Getting into sailing

I have been sailing small boats and catamarans for over 20 years. I first learned to sail when I was 15, or thereabouts, at scout camp. I had gone to work for the BSA as a lifeguard and swim instructor. One day while exploring the camp I came across a few kit sailboats sitting unassembled in an old shed.  They had been donated to the scout camp, however as no one on staff knew anything about sailing, they just sat for a few years collecting dust until my friend and I stumbled into them. We got permission to build the kits and after a few weeks of experimenting with fiberglass, we got them ready to ride the winds of West Texas. We learned to sail by reading the BSA merit badge book on small boat sailing and trial and error. This was a hard way to learn and left one of our 3 boats at the bottom of the little lake after a huge gust of wind ripped into the boat, breaking the sail and rig from the boat and tearing the fiberglass in two.

Young and just married at the age of 21 I convinced my new bride that we needed to invest in a broken-down old Hobie 16. I rigged a hitch to the old Subaru and we were soon off, the next 20 years filled with sailing adventures.

As our kids have grown out boats have grown also. Our latest catamaran the Hobie 21 is the largest Beach Cat Manufactured by Hobie. It is a great little boat that has given us countless hours of fun. However, over the last 2 years, I have become interested in sailing larger boats and potentially sailing farther and having bigger adventures.

I didn't really know how to go about learning to sail big boats as we live in landlocked Utah. One day while having lunch with a lawyer friend of mine I was introduced to Marina Sailing in California. This is a sailing club in California that offers training and access to a nice fleet of boats in southern California.  In order to charter a boat, you must complete the appropriate ASA  sailing courses and certifications.  I ended up sailing for the Ultimate Sailing Course offered by Marina Sailing. This was a week-long sailing class that covered ASA 101, 103, and 104. At the end of this course, you were given the stamp of approval to charter boats up to 45 feet in length from the club.

The week-long sailing course was taught on a Beneteau 45 monohull named Freedom. This was a very comfortable boat for the 4 students and our Captin Chuck. Over the next few days, we would practice knots, systems, navigation, charts, docking, fueling, anchoring, and sailing. Turns out that sailing a 45 actually a little easier than sailing an 18-foot beach cat. The boat handles wind and weather gracefully. We sailed from Oxnard California up to Santa Barbra, then over to the Channel Islands and back to Oxnard.  The weather was somewhat cooperative with some pretty heavy winds picking up on our crossing to Santa Cruz island, reaching 30 knots, accompanied by some pretty large swells. I've sailed in some pretty stiff winds on a beach cat and it was nice to be on a big boat that allowed reefing sails and does not threaten to pitch poll when the wind comes up.

While sailing made sense to me and I felt very comfortable before the mast when we were out to see, navigating the marina was a different story. A 45 boat makes for tight maneuvering in between the slips. A 45-foot boat is slow to stop and slow to respond to the helm. I took every opportunity I could to practice pulling in and out of tight places. It was really nice to do this with a qualified captain at your side ready to jump in and take control in the worse case.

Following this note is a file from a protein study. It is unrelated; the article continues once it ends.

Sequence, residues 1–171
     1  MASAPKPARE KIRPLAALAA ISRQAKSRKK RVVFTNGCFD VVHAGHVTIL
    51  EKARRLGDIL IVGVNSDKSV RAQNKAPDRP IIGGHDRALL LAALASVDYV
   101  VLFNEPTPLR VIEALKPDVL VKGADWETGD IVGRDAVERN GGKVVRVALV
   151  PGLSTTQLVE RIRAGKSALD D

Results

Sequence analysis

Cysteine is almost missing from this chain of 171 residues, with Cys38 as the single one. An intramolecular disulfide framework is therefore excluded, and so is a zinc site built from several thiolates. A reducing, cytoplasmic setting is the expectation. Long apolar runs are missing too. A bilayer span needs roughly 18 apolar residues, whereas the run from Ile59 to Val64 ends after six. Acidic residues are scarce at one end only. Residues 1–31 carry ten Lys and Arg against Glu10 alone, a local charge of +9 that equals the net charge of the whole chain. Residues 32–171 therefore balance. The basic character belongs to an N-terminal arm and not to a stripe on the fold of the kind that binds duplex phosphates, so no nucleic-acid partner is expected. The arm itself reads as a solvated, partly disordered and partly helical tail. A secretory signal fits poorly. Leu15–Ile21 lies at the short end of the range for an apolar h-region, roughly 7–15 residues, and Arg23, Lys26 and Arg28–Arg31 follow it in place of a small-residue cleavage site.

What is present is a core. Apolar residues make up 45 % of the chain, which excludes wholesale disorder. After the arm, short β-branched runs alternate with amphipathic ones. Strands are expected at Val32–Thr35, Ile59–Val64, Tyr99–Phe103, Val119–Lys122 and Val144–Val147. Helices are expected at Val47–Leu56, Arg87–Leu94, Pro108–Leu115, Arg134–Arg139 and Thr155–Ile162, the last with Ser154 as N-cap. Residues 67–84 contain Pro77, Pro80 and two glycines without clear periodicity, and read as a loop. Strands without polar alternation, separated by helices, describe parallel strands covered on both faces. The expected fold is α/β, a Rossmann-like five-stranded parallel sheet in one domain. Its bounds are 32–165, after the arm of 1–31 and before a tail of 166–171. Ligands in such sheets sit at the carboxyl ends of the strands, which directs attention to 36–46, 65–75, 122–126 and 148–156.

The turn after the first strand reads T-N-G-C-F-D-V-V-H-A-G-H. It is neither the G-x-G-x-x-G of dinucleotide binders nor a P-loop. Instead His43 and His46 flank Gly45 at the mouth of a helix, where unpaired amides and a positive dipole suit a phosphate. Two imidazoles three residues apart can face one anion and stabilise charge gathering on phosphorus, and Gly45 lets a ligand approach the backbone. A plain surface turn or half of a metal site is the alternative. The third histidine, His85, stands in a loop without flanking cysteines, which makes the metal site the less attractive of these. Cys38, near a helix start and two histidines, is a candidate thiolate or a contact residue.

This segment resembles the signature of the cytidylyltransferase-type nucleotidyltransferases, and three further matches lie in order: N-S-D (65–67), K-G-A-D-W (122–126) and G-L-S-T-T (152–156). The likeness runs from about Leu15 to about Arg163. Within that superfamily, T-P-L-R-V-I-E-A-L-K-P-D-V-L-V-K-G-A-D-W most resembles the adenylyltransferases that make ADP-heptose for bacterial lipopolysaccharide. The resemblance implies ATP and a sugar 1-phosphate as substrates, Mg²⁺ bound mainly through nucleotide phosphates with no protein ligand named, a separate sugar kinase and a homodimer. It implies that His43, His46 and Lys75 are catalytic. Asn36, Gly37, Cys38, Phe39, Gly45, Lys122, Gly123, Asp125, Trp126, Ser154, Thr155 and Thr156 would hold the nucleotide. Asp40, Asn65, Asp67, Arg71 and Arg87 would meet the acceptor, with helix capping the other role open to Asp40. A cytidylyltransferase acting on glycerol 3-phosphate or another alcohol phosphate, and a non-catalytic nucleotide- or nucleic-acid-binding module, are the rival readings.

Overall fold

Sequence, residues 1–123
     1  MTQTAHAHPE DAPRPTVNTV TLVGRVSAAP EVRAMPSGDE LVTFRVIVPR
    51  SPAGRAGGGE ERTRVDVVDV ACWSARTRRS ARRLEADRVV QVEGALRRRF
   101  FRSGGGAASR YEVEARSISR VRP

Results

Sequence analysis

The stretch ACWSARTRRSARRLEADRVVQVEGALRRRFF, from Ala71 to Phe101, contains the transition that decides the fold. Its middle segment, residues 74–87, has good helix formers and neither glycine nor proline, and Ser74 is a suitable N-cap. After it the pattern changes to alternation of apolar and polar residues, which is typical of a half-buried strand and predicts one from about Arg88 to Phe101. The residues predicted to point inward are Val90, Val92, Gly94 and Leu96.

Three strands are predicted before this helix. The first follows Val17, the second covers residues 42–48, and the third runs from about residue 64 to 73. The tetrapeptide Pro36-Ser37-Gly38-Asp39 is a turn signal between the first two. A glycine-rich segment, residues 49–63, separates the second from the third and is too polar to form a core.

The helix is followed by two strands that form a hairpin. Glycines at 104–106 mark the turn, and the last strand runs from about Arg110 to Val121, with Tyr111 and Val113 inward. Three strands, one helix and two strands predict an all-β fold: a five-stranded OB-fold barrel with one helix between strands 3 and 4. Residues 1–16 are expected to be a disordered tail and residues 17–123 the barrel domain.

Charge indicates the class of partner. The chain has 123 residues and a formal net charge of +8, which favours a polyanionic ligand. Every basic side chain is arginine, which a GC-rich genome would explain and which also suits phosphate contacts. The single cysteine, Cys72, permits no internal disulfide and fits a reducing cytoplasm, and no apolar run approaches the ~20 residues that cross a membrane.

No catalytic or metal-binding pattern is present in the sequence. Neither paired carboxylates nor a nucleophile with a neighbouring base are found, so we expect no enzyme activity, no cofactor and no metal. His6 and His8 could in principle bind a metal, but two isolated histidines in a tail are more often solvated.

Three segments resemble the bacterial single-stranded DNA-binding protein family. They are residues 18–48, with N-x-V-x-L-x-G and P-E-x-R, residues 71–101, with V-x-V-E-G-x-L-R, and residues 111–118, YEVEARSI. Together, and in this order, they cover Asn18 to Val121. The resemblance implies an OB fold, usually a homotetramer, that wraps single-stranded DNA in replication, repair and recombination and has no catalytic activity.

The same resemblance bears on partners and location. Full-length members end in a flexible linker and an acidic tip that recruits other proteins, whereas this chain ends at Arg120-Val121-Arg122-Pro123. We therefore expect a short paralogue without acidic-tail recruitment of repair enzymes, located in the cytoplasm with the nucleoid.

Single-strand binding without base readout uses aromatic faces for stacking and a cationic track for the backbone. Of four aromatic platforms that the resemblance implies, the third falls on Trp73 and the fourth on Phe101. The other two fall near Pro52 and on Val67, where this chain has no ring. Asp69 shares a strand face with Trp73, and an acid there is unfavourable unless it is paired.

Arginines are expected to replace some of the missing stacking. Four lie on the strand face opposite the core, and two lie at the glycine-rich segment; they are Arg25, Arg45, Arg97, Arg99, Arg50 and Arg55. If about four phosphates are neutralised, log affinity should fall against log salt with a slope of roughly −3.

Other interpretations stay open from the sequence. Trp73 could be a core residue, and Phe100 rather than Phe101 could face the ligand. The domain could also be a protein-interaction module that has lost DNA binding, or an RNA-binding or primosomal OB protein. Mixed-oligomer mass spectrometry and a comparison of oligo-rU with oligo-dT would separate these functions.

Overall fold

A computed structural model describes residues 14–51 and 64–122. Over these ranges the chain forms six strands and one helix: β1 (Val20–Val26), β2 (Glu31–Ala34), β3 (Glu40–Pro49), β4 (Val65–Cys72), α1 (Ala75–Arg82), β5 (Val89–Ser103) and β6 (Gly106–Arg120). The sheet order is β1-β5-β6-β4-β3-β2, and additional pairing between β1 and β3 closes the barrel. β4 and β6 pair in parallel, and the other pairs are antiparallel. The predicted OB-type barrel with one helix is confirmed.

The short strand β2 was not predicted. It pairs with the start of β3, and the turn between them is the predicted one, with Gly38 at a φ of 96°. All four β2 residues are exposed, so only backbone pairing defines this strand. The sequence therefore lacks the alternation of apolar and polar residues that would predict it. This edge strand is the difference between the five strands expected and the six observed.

The first day we sailed from Oxnard to Santa Barbara. We snagged a guest slip in Santa Barabra which are available on a same day first dome first come bases. As it was early spring there was good slip availability. After we checked in at Santa Barbara, we went back out for some man overboard drills in the Santa Barbara Bay. The Santa Barba bay offers great flat seas and nice wind on occasion and while we practiced sailing up to our pretend MOB we watch a fleet of boats sailing in a local regatta.

The Channel Islands are a beautiful place to sail. We crossed over to the Channel Islands from Santa Barbra the next morning. Wind and seas picked up as we neared Santa Cruz Island.  The wind meter on our boat didn't work, but I had brought along my handheld anemometer, that I use for sailing beach cats in Utah. The wind was blowing 30 knots, but we had double reefed and the boat felt strong and confident. 

We sailed around the backside of Santa Cruz looking for a protected anchorage.  We passed a few potential anchorages, finally settling on a little cove called Willows that was protected from the wind and waves. We dropped the hook in 30+ feet of water, fired up the grill on the boat and roasted some bratwurst.  I was disappointed that we didn't leave the boat and head onto the beach to explore the island but it was late and I hoped this would not be the last trip I would make to this tiny island. 

Sleeping on the boat proved difficult, I was nervous that the boat would drift into shore and I woke up several times that night checking our GPS to check that our anchor was secure.

The next day we sailed back to Oxnard. Once again the weather favored us and we 15-knot winds blew Freedoms home to her slip in the little Oxnard Marina. We where accompanied by several pods of dolphins splashing alongside us cut through the beautiful blue sea. 


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